For those of you who are left, obviously I love Kou’s drums! I also love that the other two have the good manners to allow him to take centre-stage on multiple occasions… we need more drummers taking centre-stage in modern music.

But, more seriously, it’s the Latin – yes, Latin! – beat that runs throughout the majority of the song that really hooks me in. Think about that for a minute. A Latin track. Played by a jazz trio. From Japan. That’s why I call it a Guerilla Warfare choice, folks!

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5. The ‘Quiet Riot’ – Aisha Badru: “Bridges (Acoustic)”

What I Know:
Aisha Badru is a singer-songwriter out of New York. Suffering from chronic shyness, she basically ended up dropping out of her music scholarships but continued to work on her songwriting.

Her album, Pendulum hasn’t even been released yet but it’s already the focus of quite some hysteria. That’s thanks, in no small part to her track Waiting Around having been picked up by Volkswagen and used on an ad that was distributed widely, even seen by her father, all the way in Nigeria!

What I Like:
This is a classic case of a story making the song for me.

So, yes, I like the strings, guitars and keyboards here but this one’s all about the lyrics. Obviously, she’s had a tricky time growing up and you can hear a lot of that pain coming through in lines like:

“I’ve got scars by great white sharks
But I swam fast and I swam hard
All these miles I’ve walked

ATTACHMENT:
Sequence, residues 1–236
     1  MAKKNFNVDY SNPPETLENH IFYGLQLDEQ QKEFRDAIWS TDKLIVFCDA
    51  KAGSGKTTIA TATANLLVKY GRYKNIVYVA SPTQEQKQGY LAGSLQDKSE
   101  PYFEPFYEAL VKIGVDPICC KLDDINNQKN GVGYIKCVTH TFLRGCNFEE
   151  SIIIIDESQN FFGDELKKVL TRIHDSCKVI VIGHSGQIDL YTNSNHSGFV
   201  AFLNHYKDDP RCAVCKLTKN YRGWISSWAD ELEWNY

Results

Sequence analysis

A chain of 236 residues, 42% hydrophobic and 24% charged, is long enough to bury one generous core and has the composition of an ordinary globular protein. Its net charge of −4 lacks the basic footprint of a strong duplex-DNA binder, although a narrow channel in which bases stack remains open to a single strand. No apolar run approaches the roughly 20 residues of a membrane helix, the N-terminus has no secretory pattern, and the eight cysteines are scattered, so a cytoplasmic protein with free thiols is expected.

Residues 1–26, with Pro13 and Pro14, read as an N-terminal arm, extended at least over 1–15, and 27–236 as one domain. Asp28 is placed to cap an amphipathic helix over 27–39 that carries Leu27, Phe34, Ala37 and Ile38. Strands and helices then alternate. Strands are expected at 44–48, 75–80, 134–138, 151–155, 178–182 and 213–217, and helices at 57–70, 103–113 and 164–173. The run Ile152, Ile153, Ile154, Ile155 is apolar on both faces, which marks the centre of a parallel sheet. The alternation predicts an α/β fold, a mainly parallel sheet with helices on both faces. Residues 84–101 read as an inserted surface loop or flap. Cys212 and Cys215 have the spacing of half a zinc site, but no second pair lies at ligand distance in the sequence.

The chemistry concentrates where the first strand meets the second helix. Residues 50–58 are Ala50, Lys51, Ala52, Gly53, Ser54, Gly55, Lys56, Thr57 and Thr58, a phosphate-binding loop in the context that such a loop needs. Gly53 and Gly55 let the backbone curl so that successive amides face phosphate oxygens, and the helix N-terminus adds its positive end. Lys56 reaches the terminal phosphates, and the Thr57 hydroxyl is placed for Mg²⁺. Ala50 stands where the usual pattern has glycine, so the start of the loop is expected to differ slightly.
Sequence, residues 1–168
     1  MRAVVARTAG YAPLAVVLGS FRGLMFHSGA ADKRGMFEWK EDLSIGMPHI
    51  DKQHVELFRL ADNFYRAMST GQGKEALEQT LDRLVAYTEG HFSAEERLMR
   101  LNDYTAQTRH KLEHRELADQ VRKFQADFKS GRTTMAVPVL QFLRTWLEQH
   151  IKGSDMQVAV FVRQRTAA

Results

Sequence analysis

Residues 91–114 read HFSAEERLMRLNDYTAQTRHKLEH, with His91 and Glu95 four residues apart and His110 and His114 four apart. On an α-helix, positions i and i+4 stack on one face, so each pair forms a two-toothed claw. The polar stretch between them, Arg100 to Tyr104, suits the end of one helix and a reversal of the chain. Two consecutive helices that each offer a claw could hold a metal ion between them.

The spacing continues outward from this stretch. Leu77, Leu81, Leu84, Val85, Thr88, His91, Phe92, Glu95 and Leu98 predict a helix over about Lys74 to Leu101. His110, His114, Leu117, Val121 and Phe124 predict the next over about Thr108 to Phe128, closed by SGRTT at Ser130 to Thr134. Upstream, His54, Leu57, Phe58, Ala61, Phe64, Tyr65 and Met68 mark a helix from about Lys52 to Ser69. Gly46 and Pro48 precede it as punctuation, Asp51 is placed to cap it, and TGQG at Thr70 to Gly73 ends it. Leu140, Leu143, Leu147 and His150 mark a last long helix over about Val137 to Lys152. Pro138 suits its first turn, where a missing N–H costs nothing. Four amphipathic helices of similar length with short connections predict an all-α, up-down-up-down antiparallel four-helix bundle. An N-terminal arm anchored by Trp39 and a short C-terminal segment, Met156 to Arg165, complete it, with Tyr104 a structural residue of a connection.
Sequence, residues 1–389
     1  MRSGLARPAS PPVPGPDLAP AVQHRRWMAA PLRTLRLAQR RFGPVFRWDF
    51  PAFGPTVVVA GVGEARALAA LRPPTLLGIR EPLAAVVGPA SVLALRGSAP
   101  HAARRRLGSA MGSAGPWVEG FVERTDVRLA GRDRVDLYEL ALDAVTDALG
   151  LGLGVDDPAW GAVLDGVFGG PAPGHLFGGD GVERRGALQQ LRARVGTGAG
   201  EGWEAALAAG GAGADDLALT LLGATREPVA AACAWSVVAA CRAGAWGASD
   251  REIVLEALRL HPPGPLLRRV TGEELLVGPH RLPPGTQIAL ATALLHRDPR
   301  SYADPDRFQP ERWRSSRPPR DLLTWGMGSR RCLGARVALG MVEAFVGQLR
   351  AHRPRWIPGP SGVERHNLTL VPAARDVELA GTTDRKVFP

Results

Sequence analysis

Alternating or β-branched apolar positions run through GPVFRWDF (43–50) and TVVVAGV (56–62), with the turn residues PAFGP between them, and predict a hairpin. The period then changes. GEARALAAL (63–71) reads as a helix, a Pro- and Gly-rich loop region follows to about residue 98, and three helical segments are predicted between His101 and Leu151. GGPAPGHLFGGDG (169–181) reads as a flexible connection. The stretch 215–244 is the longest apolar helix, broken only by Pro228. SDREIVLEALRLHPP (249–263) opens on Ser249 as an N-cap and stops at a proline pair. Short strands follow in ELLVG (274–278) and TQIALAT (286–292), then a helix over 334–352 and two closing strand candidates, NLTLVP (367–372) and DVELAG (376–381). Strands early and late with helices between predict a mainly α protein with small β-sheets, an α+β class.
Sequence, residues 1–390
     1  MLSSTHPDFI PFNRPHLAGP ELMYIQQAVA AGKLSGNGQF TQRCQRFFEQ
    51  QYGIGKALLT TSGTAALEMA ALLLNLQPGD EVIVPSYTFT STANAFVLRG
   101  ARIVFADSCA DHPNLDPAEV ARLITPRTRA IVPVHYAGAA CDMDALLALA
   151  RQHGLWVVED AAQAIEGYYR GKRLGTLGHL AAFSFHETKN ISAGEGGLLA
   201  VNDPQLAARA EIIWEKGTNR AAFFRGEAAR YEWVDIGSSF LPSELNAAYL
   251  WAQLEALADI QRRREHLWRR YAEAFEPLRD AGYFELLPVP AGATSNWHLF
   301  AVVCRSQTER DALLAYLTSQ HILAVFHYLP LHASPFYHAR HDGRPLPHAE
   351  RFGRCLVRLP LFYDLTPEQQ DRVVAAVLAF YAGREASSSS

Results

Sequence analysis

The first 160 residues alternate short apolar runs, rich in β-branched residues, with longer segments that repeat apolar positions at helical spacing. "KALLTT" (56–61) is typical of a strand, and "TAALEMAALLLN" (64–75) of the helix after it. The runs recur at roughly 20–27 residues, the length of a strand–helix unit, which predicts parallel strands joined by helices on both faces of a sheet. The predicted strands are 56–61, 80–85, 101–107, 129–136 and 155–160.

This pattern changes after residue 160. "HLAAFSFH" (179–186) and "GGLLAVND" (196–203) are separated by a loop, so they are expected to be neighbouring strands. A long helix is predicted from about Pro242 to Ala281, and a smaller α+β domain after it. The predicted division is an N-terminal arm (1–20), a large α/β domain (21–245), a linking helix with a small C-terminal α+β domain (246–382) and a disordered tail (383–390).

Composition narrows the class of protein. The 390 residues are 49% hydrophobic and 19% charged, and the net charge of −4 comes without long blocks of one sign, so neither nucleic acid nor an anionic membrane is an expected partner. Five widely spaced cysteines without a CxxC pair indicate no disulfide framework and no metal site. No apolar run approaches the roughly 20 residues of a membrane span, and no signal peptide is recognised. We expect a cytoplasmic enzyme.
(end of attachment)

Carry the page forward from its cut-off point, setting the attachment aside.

All these stumbles and falls
They led me straight to your arms”

But then, knowing what we know about her background, how can lines like these not make you think about her Dad in a completely different country, unexpectedly hearing his own daughter’s voice coming through a TV screen?

Imagine meeting up with your daughter again having not seen her for a long time after experiencing that? And now imagine the ‘oceans that would have to be tread and bridges you would have to mend’ to make that happen from New York to Nigeria.

That’s the part of the song that really hit me. And that’s why it’s my Quiet Riot choice for this week.

***

The Outro:
And so we reach a cease-fire for this week. Click here to listen to the 45 RPM Spotify Playlist in full.

If you like what you hear (or even if you don’t), feel free to engage in dialogue with me @45rpmPodcasts on Twitter.

The silence is broken again next week when I’ll return with five more selections for your consideration. Until then, thank you and go in peace.